Covid proved why we need local government: study

The Covid pandemic demonstrated how councils can complement higher levels of government during emergencies, and highlights the need for a stronger local government sector, a researcher says.

Dr Andy Asquith

Dr Andy Asquith from the John Curtin Institute of Public Policy at Curtin University and international colleagues undertook a comparative study of how local governments across Australia, New Zealand, Canada and Italy responded to the outbreak of Covid during 2020.

Their paper, published in the Australian Journal of Public Administration, says that during the pandemic local government wasn’t just a passive ‘taker’ of policy from above, but acted as a policy ‘shaper’ and policy ‘maker‘ because of its local knowledge and ability to collaborate with community stakeholders.

There were many examples where local government showed initiative and innovation in supporting local businesses and vulnerable residents, the study found.

Local government was also important in supporting edicts around social distancing and travel restrictions, as well as communicating information about quarantines, curfews, and mask wearing to local communities.

Municipalities in all four countries also played a role in collecting and providing senior governments with information and data.

Dr Asquith says the pandemic highlighted the unique position of local government.

 “One thing local government can do that no other agency can do is form local alliances, go to the community and say ‘I speak for you’, and bring together cross-sectional organisations to facilitate things happening in the locality,” he told Government News.

Who did it best?

Dr Asquith said in Australia, Italy and Canada, municipalities were able to mobilise resources to get things done. New Zealand, however, was the ‘outlier’ in terms of an effective Covid response, largely due to the country’s highly centralised system of government.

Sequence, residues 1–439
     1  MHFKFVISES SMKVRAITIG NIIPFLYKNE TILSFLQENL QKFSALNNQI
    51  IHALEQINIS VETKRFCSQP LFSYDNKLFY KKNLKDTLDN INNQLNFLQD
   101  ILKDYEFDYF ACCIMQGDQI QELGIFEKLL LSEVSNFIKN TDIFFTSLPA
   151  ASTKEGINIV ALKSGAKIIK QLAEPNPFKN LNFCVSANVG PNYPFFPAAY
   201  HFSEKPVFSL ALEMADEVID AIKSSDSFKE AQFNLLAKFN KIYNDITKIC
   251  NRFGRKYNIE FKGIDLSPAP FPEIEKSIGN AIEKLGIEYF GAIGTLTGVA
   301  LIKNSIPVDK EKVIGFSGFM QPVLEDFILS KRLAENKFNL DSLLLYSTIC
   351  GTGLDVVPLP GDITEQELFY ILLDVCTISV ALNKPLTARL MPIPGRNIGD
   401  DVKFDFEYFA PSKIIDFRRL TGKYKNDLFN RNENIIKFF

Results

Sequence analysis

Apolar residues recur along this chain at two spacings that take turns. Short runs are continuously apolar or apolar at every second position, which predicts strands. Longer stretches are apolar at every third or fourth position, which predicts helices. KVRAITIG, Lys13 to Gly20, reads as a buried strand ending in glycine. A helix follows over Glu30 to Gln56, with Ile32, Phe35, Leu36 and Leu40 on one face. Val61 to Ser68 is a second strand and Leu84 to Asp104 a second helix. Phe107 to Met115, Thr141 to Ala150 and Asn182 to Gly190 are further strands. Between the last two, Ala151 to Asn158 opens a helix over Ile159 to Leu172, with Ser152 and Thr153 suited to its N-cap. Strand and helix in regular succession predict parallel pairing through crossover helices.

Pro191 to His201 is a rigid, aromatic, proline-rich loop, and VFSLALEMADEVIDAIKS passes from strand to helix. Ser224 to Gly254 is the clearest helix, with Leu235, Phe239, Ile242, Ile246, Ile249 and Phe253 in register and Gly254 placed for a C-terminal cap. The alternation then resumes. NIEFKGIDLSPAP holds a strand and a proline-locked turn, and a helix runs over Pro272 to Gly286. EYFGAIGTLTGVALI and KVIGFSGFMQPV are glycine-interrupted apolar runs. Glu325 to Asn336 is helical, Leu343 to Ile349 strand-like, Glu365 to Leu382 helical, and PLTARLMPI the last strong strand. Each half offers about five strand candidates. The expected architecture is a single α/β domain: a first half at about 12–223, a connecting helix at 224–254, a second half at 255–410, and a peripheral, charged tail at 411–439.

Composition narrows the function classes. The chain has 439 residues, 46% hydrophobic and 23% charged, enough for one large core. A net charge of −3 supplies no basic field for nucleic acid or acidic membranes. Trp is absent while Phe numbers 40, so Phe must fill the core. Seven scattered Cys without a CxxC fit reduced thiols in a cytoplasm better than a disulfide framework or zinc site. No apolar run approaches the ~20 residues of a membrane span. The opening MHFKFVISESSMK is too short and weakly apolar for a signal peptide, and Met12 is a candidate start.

“In Australia local government was able to work with both the state and federal government to get things moving whereas in New Zealand local government just sort of shut shop and rolled over,” he said.

Australia: convening local groups

 Australia’s existing local government disaster management frameworks for bushfires and flooding were quickly adapted to the pandemic response, the paper found.

The study says a hallmark of Australia’s response was the way councils convened local groups to advise them on implementing state and territory requirements.

Australian councils also worked with community groups to assist vulnerable community members, and with state health departments to support hygiene protocols and social distancing signage.

New Zealand: ‘a dog’s breakfast’

In terms of local government response to Covid, New Zealand did the worst out of the four countries studied, with researchers criticising it for it’s ‘inability to see the big picture’ and over-reliance on the national government to do things.

“New Zealand made a complete dog’s breakfast of it,” Dr Asquith told Government News.

The researchers found councils relied on civil society to provide social services like delivery of food parcels, while Auckland Council exploited the pandemic to seek “draconian cuts to its budget” beyond what was justified.

“In retrospect, local government was sidelined from the important decision-making processes,” the study concludes.

“There were few examples of local innovation or initiatives with respect to the pandemic response,” the paper says.

Canada: pedestrian-first streets

In Canada, many municipalities eased restrictions on parking and outdoor dining, and allowed small businesses to establish outdoor service stations where customers could collect food, drink, and other products.

Municipalities also lobbied local landlords to reduce rents for small businesses and to avoid evictions, and expedited planning applications.

Many larger cities experimented with pedestrian-first streets and promoted active transport. Mayors, councillors, and local medical health officers (MHOs) acted together to make decisions about school openings and closures.

Italy: extensive use of social media

The study says Italian municipalities were active in subsidising businesses, and providing social services, communication and local mobility and transport.  

It also highlights their extensive use of social media to communicate, while several cities invested a significant amount of money in increasing cycle paths and electric micro-mobility to reduce passengers on public buses.

Highlighting strengths of local government

The researchers say the Covid-19 pandemic highlighted  a range of areas where local government can play a key role, including:

  • supporting local business
  • financial aid and relief for the community
  • local governance and administration
  • supporting social well being and health
  • communications
  • transport and mobility

Dr Asquith says the Covid experience has shown that state and federal governments need to take local governments seriously, and invest money in ensuring a strong and competent sector.

“I would like to see both the state government and the feds give local government a bit more oomph to do stuff. And for that to happen local government has got to demonstrate that it can up its game,” he  says.

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